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The Books of Jacob

The Books of Jacob

Olga Tokarczuk

  • awardShortlisted, International Booker Prize, United Kingdom, 2022
  • awardShortlisted, Fiction, Kirkus Prize, United States, 2022
  • awardShortlisted, Gregg Barrios Book in Translation Prize, National Book Critics Circle Award, United States, 2022
  • awardShortlisted, Wingate Literary Prize, United Kingdom, 2023
  • awardLonglisted, Translated Literature, National Book Award, United States, 2022
  • awardLonglisted, Warwick Prize for Women in Translation, United Kingdom, 2022
  • Translated by Jennifer Croft

    The Nobel Prize-winner Olga Tokarczuk’s richest and most ambitious novel yet follows the comet-like rise and fall of a messianic religious leader as he blazes his way across eighteenth-century Europe.

    As new ideas—and a new unrest—begin to sweep the Continent, a young Jew of mysterious origins arrives in a village in Poland. Visited by what seem to be ecstatic experiences, Jacob Frank casts a spell that attracts a fervent following. He reinvents himself again and again, converts to Islam, then Catholicism, is pilloried as a heretic, revered as the Messiah, and wreaks havoc on the conventional order, Jewish and Christian alike, with scandalous rumours of his sect’s secret rituals and the spread of his iconoclastic beliefs.

    The story of Frank—a real historical figure, a divisive yet charismatic man—is the perfect canvas for the genius and unparalleled reach of Olga Tokarczuk. Narrated through the perspectives of his contemporaries—those who revere him, those who revile him, the friend who betrays him, the lone woman who sees him for what he is—The Books of Jacob captures a world on the cusp of precipitous change, searching for certainty and longing for transcendence.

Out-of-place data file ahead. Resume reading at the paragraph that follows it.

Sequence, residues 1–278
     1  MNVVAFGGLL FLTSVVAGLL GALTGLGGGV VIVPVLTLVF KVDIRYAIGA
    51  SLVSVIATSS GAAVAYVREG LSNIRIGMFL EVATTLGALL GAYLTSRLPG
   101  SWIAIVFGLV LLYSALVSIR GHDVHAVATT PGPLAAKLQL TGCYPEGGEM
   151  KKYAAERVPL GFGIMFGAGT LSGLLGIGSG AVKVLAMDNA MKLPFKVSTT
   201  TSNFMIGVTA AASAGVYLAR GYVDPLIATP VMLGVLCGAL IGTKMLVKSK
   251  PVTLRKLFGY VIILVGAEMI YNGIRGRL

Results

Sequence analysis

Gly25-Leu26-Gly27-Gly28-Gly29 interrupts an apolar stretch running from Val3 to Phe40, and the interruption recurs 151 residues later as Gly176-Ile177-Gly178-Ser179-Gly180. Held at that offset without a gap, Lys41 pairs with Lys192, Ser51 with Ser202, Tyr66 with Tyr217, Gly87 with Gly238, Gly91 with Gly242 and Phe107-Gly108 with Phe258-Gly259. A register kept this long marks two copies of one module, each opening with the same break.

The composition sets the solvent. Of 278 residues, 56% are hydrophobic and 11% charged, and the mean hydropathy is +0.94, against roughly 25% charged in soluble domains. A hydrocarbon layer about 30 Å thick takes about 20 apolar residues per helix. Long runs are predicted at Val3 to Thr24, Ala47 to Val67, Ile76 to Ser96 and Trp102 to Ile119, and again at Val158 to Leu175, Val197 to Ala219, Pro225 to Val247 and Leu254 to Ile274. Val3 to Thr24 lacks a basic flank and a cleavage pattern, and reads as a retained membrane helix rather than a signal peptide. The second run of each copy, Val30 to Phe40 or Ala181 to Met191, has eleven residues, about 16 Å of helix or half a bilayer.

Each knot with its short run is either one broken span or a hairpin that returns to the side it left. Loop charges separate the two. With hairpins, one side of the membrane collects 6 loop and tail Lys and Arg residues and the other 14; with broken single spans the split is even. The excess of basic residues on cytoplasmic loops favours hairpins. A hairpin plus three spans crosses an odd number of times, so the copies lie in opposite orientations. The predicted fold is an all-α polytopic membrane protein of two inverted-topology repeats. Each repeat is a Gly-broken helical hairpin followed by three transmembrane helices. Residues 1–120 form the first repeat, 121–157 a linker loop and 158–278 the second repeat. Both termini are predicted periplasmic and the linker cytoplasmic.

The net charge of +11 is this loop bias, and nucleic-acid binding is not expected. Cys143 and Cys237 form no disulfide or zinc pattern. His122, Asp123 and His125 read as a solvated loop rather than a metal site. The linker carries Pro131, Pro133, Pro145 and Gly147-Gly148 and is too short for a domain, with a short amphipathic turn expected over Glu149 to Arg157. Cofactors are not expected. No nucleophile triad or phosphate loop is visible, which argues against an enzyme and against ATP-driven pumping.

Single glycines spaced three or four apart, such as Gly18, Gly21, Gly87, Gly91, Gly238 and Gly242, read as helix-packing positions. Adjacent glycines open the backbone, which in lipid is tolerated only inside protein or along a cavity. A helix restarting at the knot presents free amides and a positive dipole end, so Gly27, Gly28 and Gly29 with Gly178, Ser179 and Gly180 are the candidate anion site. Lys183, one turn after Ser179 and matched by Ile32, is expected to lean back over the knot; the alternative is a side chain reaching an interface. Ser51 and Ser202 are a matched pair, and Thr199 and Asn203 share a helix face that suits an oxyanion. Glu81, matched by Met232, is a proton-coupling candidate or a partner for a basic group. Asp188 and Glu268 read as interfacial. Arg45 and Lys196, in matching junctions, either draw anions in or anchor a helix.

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    London Review of Books     
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    Oprah Daily: The 50 Most Anticipated Books of 2022 (#15)    
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    Viva: Book Club: Get Lost In The Best Summer Reads For 2021    
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    World Literature Today     

    Olga Tokarczuk
    About the Author

    Olga Tokarczuk is the winner of the 2018 Nobel Prize in Literature and the Man Booker International Prize, for her novel Flights. She has received many other honours, including her country Poland’s highest literary award, the Nike, for both Flights and The Books of Jacob. Her novel Drive Your Plow Over the Bones of the Dead was also highly...

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    About the Translator

    Jennifer Croft is an American author, critic and translator who works from Polish, Ukranian and Argentine Spanish. She won the 2020 William Saroyan International Prize for Writing for her illustrated memoir Homesick and the 2018 Man Booker International Prize for her translation of Olga Tokarczuk’s Flights.